Three LC environmental studies majors received scholarships to attend the Arctic National Wildlife Refuge 50th Anniversary Symposium held in January at the U.S. Fish and Wildlife Service National Conservation Training Center in Shepherdstown, W.Va.
The three-day symposium, attended by about 150 people, featured conservation historians and conservation leaders. Keynotes were given by former President Jimmy Carter, who expanded the 9-million-acre refuge in northeastern Alaska to 19.6 million acres in 1980 as part of the landmark Alaska National Interest Lands Conservation Act, and Dr. George Schaller, globetrotting field biologist whose research on mountain gorillas, giant pandas, and large cats has taken him from the Tibetan Plateau to the depths of the Amazonian rainforest. In his two months in the Arctic wilderness, Schaller recorded 86 species of birds and 23 species of spiders.
“When I received the email relating to the Arctic National Wildlife Refuge 50th Anniversary Symposium, I immediately knew I had to go,” said Deane Flickinger, LC senior from Mechanicsville, Va. (pictured below with Dr. Schaller). “The fact that there were scholarships given to only a handful of students by the U.S. Fish and Wildlife Service National Conservation Training Center made the opportunity even greater.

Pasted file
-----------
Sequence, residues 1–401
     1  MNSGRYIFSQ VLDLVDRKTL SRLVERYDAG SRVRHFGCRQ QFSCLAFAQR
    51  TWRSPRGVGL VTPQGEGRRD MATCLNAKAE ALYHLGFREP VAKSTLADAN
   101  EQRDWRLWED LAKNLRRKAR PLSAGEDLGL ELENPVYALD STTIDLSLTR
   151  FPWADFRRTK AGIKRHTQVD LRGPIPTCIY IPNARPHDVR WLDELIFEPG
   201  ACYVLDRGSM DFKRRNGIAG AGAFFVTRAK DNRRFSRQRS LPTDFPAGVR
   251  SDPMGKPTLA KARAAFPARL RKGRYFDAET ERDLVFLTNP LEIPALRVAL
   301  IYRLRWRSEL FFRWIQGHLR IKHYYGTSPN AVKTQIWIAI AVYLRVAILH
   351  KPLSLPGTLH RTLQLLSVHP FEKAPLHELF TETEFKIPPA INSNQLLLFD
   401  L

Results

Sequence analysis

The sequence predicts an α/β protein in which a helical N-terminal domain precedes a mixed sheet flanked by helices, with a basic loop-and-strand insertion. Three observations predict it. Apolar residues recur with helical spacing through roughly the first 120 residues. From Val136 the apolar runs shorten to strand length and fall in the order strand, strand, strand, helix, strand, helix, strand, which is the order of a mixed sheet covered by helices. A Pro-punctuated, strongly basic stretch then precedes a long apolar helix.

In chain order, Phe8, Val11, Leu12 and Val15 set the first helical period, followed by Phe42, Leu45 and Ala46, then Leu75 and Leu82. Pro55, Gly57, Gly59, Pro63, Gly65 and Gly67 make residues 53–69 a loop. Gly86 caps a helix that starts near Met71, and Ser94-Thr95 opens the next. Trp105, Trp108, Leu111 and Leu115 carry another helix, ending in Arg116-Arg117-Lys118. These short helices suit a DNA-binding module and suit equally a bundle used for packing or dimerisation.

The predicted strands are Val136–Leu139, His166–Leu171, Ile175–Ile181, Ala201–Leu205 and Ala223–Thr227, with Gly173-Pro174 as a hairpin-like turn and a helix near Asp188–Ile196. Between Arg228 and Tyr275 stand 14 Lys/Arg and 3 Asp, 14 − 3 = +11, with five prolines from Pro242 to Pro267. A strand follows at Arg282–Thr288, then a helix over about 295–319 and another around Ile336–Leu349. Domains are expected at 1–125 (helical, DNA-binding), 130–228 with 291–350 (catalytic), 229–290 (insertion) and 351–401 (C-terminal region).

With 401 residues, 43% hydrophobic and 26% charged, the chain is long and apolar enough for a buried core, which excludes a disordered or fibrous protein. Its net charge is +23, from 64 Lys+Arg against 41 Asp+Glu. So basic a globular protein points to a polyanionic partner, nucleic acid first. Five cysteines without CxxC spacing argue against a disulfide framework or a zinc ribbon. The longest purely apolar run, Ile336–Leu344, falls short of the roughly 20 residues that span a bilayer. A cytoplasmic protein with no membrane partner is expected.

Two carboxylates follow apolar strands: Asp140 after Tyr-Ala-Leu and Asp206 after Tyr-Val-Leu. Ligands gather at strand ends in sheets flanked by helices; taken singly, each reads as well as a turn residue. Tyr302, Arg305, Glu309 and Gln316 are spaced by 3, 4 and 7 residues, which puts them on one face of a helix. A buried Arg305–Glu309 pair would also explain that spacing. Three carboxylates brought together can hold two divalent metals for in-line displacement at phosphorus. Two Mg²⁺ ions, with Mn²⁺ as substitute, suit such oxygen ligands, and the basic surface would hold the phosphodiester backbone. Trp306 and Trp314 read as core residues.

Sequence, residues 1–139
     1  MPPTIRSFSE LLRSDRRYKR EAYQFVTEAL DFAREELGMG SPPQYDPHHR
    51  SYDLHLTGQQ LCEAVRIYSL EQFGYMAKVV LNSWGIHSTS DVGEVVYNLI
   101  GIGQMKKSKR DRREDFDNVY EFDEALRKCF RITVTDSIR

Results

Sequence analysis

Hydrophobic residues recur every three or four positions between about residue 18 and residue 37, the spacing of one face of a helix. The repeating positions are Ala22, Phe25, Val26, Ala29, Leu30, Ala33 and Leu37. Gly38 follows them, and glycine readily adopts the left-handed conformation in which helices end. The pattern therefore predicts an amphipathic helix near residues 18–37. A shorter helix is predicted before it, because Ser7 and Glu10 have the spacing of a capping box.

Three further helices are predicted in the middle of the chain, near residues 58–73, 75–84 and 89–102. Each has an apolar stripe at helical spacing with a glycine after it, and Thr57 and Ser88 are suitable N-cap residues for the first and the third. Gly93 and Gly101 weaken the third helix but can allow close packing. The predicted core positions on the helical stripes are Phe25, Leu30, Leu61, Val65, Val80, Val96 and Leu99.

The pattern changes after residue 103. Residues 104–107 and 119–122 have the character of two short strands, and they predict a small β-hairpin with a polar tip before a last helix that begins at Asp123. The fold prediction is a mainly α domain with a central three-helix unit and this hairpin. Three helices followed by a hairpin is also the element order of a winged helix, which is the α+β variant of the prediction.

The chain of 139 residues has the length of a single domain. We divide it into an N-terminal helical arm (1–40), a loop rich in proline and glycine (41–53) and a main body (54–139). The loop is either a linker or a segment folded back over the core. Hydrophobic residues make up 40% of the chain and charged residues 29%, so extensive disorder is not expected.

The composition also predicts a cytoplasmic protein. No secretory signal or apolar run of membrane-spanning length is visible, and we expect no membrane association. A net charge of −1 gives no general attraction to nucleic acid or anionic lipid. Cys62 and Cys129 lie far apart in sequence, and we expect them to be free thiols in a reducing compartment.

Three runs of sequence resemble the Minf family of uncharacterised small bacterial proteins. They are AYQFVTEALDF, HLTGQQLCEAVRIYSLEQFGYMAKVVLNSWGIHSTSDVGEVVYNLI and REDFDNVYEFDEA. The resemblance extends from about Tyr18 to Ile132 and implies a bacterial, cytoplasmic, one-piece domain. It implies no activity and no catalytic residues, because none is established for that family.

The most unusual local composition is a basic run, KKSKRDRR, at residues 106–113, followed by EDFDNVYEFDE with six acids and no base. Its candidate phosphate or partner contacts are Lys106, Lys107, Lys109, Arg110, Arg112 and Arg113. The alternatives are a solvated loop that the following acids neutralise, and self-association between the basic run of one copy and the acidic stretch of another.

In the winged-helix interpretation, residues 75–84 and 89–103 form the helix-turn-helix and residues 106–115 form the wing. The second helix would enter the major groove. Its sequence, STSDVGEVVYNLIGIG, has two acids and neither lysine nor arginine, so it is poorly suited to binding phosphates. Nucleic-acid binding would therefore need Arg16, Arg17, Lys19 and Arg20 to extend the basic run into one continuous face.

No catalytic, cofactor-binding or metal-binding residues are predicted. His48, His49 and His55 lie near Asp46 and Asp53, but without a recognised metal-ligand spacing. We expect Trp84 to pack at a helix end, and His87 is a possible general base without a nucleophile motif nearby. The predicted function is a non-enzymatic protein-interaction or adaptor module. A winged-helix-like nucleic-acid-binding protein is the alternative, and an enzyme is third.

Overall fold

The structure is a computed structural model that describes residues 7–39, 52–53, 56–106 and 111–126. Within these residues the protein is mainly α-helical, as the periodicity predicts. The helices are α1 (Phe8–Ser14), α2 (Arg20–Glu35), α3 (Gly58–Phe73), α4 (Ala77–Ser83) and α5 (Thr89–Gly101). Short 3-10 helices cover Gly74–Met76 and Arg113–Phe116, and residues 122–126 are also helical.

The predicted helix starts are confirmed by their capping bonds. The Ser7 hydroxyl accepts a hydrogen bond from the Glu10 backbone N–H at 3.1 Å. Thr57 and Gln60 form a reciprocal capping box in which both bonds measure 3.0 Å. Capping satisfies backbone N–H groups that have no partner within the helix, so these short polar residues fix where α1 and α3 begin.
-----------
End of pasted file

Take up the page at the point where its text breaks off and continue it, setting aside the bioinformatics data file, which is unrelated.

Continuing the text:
“For four days we were able to interact with some of the world’s top players in conservation, politics, and history. I took away a much better understanding of the Arctic refuge and how important a place it truly is to our Earth.”
Paul Cole, a junior from Vienna, Va., agreed: “I basically learned that the Arctic National Wildlife Refuge is not covered in rock and snow and is instead full of life in untouched ecosystems which represent the very essence of our being. Setting aside the refuge is not only the responsible thing to do but it is our obligation as humans.”
Patrick Ferrer, a junior from Charlotte, N.C., said, “I think opportunities like this are once in a lifetime. The who’s who of conservation were there … and the chance to get to listen to them speak to me in such a personal setting made the message that much more potent.”
Other speakers included Thomas Strickland, assistant secretary of the interior for fish and wildlife and parks; noted Rice University historian Dr. Douglas Brinkley (whose latest book, The Quiet World/Saving Alaska’s Wilderness Kingdom, 1879-1960, debuted at the NCTC conference); and Lynn Greenwalt, former director of the Fish and Wildlife Service, under whose tenure the 1980 expansion of protected areas in Alaska took place.
Dr. Jamey Pavey, assistant professor of environmental science at LC, said, “The Arctic National Wildlife Refuge is one of the few relatively untouched areas of the U.S. Its continued protection is a conservation priority. I am thrilled that our students had the opportunity to expand their horizons through this symposium.”